There’s an old superstition amongst koi enthusiasts that says once you name a koi, something bad will happen to it. So it follows that when it comes to playing the naming game, there are opposing teams.
“If you consider koi to be pets, it’s understandable to give them names,” says Bill Thompson of the Koi Club of San Diego, Calif. “Koi are subject to so many perils. The superstition maintains that by naming them you’re tempting fate. However, at the risk of suffering even a greater sense of loss when they go to the big pond in the sky, I have personalized all my fish.”
“There’s a large, very orange Ogon called Sunkist. Sunny is a shy male .However, at spawning time, he ardently pursues our big female Shiro Utsuri, named Smoky. Incidentally, she was previously called Hoover because of the way she used to ingest more than her fair share of koi pellets. But we changed her name as she grew and her inky black faded to a smoky-gray color. A popular fish in my pond is a long-fin Tancho Kujaku named after the androgynous icon RuPaul. I can’t determine the fish’s sex but with his long flowing fins, silvery scales and red head, he’s certainly flamboyant and entertaining.”
So who plays the naming game?
“Yes,” says Ben Plonski of Laguna Koi Ponds in Laguna Beach, California. “My fish at home all have cutesy names given by family members and friends. We have a Fiji, Phantom, Mori, Sunshine and Koko. We name them as people name their cats and dogs.”
“No,” says Burt Nichols of Water Garden Gems in Marion, Texas.” I refer to them in terms of their variety. And so do most of my customers. They will talk about their Kohaku or their Sanke as if it was the fish’s name.”
“No,” agrees Jeff Dearling of Koi Gardens in Spokane, Washington. ‘But I do understand that people consider them pets and name them as such.”
Interestingly, you only have to scan the message boards on the Internet to discover that koi enthusiasts from all over the world spend a lot of time trading names and asking for suggestions.
A quick survey shows that very often the names are linked to the type of koi; Fish that have mixed blood lines and are not suitable for competition seem to have more casual pet names or nicknames such as Glitters, Hot Lips, Mohawk, Dottie, Freckles, Lady, Sparkles, Marble and Tiger. Other popular names include popular Star Wars characters like R2D2 and Darth Vadar and Disney favorites like Snow White .Whereas ornamental quality koi often have more traditional Japanese names or designations that reflect their patterns and colors.
“Yes,” confirms Thompson. “ Grand champions in Japan are usually named after their breeder or bloodline and sometimes get another name based on their appearance. The Japanese are definitely more traditional than American koi enthusiasts.”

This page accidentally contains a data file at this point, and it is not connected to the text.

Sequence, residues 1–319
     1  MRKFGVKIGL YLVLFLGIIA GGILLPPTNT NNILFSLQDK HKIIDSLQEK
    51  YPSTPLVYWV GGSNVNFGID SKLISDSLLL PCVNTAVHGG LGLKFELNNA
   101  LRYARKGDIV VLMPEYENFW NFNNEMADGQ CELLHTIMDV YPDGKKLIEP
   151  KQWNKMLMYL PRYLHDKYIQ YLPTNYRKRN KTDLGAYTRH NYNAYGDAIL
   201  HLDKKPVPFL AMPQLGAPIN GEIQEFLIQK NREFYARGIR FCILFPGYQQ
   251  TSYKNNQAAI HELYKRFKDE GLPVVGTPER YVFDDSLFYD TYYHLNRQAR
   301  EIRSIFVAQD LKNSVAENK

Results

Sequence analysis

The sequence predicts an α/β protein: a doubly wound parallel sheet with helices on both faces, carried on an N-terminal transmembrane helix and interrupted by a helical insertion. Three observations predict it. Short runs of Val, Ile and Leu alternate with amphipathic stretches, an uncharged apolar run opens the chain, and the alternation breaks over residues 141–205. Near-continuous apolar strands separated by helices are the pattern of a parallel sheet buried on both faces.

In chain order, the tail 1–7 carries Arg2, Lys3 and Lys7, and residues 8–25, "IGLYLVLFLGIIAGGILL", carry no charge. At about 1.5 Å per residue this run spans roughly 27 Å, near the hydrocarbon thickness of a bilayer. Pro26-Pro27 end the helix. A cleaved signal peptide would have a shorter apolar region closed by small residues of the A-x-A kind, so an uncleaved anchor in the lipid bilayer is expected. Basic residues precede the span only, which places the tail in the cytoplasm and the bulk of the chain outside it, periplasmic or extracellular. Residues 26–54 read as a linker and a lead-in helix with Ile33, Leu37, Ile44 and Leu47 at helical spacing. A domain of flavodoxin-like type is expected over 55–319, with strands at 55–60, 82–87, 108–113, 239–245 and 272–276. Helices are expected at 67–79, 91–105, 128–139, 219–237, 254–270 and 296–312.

Robin Matos, Wildlife Manager at the Flamingo Las Vegas Hotel in Las Vegas, Nevada says that many of fish in the hotel’s spectacular ponds have names that reflect their personality or some physical characteristic.
“Their names are either Japanese or English. There’s Ichee and Nee, which means number one and number two in Japanese. There’s a Platinum named Shiro, a large Asagi that grows benign tumors on her body named Lumpy, a Showa with a checkerboard pattern named Checkers, a Hajiro with white fins called Angel and a Kuchibeni Kohaku named Smackers.
“We also have a jumbo female Sanke named Bugsy after Bugsy Segal, the man who started the Flamingo Hotel. I spend a lot of time with them and have been given the unofficial job of naming them. But there are too many to give them all individual names. So there are at least six or seven named Ugly.”
Thompson says he’s always wanted a pond with a theme, naming all the fish names after Japanese pop stars or koi judges or “B” movie actresses.
“It would be such fun to impress friends by saying. ‘Look, there’s Virginia Mayo and Jayne Mansfield under that lily pad and here comes Esther Williams!’”
Well, he needs look no further than the beautiful koi pond at the Fairmont Miramar Hotel in Santa Monica, California for inspiration. Staff members have named some of the fish after famous guests both past and present.
“Sir Anthony Hopkins is a big confident fish with gray markings around the edges,” says Chad Wood, room director at the hotel. “Then there’s the famous trio Marilyn Monroe, Greta Garbo and Betty Grable. Our newest celebrity fish is Britney Spears, who darts amongst the others causing trouble.
“Is it a privilege for these celebrities to have a koi named for them in our pond? Well, I’m not sure.”
So what’s in a name?
Well, for those that play the naming game, there’s definitely a lot of personal history involved. Interestingly, t he world’s oldest koi named Hanako died about ten years ago. The fish was reputed to be more than 200 years old.
Perhaps that’s just another fishy story …
This article is from Koi World